Simbikangwa trial: Descendants of Holocaust victims stand in solidarity with Genocide survivors

Representatives of a French association of descendants of Jews deported from France during the Nazi German occupation of France (1940–1944) –during the Holocaust– will today attend the trial of Genocide suspect Pascal Simbikangwa in France in a show of solidarity with the survivors of the 1994 Genocide against the Tutsi.
People pay tribute to Genocide victims at Rebero during a past event. Simbikwanga is accused of being a mastermind of the killing. File.
People pay tribute to Genocide victims at Rebero during a past event. Simbikwanga is accused of being a mastermind of the killing. File.

Representatives of a French association of descendants of Jews deported from France during the Nazi German occupation of France (1940–1944) –during the Holocaust– will today attend the trial of Genocide suspect Pascal Simbikangwa in France in a show of solidarity with the survivors of the 1994 Genocide against the Tutsi.

Alain Gauthier, the president of France-based rights group, Collectif des Parties Civiles pour le Rwanda (CPCR), told The New Times yesterday that Léon Zyguel, the last prosecution witness in the Papon trial, and Yvette Levy, born Dreyfus, who was deported in 1994 at the age of 18, will be among those present.

The trial of Simbikangwa – for his alleged role in the Genocide against the Tutsi – began on February 4, in France.

Gauthier said: “Their presence at the Tribunal of Paris during the last week of the Pascal Simbikangwa trial will simply be a manifestation of solidarity of the victims of the Holocaust with the victims of the Genocide against the Tutsi in Rwanda.”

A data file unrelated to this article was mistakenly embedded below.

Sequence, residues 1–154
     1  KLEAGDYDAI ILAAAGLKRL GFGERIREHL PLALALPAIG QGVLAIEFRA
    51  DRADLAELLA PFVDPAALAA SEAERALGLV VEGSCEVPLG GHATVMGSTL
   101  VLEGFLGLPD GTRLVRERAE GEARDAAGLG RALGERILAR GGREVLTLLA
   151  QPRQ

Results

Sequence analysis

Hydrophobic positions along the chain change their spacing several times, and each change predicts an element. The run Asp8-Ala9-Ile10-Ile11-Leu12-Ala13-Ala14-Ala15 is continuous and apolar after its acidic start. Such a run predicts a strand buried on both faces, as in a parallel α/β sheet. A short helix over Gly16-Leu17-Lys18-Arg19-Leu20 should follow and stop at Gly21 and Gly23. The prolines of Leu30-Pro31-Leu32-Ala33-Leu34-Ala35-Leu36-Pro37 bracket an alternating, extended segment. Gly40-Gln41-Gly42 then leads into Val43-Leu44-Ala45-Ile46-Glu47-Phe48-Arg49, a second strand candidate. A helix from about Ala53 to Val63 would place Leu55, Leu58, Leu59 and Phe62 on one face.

He said also present will be several representatives of the sons and daughters of Deportees from France, including Agnes Tribel, general secretary of the Buchenwald association. 

The Buchenwald Resistance was by a group of prisoners at Buchenwald, a German Nazi concentration camp established on the Ettersberg near Weimar, Germany, in 1937.

At the end of the sixth week of the trial, the verdict in Simbikangwa’s trial is expected on Friday.

A French court on February 4 begun the trial of Simbikangwa, the intelligence chief during the genocidal regime in Rwanda, who faces charges related to the Genocide.

Simbikangwa, 54, was arrested in 2008 when he was living under an alias of “Safari” on France’s Indian Ocean island of Mayotte.  

The trial is the first of its kind in France, 20 years after the 100-day killing spree in which several French political and military leaders are also accused of playing a part.

Simbikangwa, a paraplegic, denies all of the charges but is accused by the French prosecution of having supplied arms to the Interahamwe militia and ordered the massacre of Tutsis in the former Gisenyi prefecture, current Rubavu District. 

 

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